Corporate Banner
Satellite Banner
Metabolomics & Lipidomics
Scientific Community
 
Become a Member | Sign in
Home>News>This Article
  News
Return

Gene Mutation Gives Boost to Brain Cancer Cells

Published: Monday, June 10, 2013
Last Updated: Monday, June 10, 2013
Bookmark and Share
An international team of researchers has found that a singular gene mutation helps brain cancer cells to not just survive, but grow tumors rapidly.

The findings are published online in the journal Cell Metabolism.

Mischel, who heads the Ludwig Institute's molecular pathology laboratory based at UC San Diego, and colleagues focused upon a process called alternative splicing, in which a single gene encodes for multiple proteins by including or excluding different, specific regions of DNA.

Alternative splicing is a tightly regulated and normal activity in healthy cells. For Mischel and colleagues in Los Angeles, Ohio and Japan, the question was whether mutations of a gene called EGFRvIII caused differential alternative splicing in glioblastoma multiformes (GBMs), the most common and aggressive type of malignant brain tumor. Median survival after GBM diagnosis is just 15 months with standard-of care radiation and chemotherapy. Without treatment, it is less than five months.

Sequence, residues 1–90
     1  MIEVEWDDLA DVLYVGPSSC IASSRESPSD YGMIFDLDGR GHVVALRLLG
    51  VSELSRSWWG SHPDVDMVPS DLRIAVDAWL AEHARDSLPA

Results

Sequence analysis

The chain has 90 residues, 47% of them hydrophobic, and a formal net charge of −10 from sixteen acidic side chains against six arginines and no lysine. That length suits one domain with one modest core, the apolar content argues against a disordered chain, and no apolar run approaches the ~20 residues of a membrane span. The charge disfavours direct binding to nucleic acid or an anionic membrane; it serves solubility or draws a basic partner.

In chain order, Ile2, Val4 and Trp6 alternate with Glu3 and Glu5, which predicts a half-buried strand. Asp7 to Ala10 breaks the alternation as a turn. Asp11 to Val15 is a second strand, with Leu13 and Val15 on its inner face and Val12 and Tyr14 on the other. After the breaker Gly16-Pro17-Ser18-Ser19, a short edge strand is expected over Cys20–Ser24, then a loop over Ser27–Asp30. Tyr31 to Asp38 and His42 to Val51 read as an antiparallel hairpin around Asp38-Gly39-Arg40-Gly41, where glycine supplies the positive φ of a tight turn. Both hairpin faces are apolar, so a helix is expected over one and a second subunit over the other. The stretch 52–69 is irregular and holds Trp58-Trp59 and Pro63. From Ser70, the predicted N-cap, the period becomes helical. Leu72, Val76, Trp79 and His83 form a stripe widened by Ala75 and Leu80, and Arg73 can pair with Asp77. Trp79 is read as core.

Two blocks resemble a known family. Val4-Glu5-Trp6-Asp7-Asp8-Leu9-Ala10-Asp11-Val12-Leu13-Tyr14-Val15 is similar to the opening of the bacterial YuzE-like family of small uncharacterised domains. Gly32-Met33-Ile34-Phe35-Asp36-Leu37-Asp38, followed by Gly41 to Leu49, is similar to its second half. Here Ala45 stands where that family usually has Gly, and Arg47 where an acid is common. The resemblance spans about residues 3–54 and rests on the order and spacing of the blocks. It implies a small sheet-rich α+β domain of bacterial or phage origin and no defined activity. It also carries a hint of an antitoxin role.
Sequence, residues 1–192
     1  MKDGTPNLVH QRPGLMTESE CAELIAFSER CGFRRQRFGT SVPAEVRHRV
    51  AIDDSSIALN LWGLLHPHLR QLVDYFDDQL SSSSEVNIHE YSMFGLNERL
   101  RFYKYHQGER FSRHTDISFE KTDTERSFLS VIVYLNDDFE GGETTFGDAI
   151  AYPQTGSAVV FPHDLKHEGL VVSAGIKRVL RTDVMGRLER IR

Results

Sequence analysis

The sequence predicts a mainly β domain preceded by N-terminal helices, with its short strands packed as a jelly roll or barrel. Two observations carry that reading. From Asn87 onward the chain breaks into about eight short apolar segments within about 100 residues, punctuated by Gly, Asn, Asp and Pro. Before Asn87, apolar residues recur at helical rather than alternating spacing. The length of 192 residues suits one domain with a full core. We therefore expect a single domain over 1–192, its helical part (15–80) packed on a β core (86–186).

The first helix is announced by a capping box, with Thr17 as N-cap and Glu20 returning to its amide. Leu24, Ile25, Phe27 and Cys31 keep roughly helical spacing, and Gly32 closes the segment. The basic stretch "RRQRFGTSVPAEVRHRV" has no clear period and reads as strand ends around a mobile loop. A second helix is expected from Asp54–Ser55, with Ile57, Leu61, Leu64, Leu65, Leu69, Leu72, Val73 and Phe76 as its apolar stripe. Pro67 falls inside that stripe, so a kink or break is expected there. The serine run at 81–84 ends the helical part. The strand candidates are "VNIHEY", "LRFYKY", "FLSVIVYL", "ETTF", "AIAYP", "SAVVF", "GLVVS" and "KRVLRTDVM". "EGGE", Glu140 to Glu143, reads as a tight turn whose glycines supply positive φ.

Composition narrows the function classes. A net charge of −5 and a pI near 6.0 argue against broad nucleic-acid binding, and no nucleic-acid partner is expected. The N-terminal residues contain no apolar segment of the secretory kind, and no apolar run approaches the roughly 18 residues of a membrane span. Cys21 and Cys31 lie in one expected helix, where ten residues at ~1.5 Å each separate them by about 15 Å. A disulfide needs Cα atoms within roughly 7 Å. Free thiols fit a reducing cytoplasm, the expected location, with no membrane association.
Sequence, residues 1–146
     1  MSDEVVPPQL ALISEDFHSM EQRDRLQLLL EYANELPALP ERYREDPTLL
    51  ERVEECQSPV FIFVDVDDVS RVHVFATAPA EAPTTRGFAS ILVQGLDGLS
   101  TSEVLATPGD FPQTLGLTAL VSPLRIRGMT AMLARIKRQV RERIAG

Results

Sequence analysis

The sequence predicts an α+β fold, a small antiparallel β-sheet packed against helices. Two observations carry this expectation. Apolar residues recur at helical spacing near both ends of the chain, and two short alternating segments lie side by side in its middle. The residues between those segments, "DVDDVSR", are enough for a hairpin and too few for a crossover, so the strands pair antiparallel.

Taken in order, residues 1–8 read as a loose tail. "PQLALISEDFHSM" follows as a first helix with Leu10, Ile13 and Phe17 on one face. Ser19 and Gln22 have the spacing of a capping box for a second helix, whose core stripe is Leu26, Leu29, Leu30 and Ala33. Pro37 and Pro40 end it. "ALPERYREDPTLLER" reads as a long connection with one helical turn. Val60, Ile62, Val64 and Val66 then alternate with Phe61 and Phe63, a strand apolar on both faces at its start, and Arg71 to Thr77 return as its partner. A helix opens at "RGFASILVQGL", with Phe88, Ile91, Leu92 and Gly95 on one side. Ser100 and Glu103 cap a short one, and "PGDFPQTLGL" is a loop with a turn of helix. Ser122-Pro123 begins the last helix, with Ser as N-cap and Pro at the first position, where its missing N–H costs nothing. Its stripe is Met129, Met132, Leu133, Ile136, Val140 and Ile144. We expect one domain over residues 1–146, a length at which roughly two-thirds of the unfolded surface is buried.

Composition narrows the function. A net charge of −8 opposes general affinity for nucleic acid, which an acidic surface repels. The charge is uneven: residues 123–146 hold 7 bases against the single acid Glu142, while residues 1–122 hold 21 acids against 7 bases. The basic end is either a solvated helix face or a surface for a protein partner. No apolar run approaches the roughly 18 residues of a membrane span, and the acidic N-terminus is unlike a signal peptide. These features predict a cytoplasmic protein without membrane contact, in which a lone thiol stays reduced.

The scientists were particularly interested in whether the EGFRvIII mutation induced alternative splicing events that resulted in deregulation of normal cellular metabolism. "We focused on the ‘Warburg Effect,' a common metabolic derangement in cancer that enables tumor cells to metabolize glucose in a way that provides both a sufficient supply of energy and a source of building blocks that can be used for growth," Mischel said.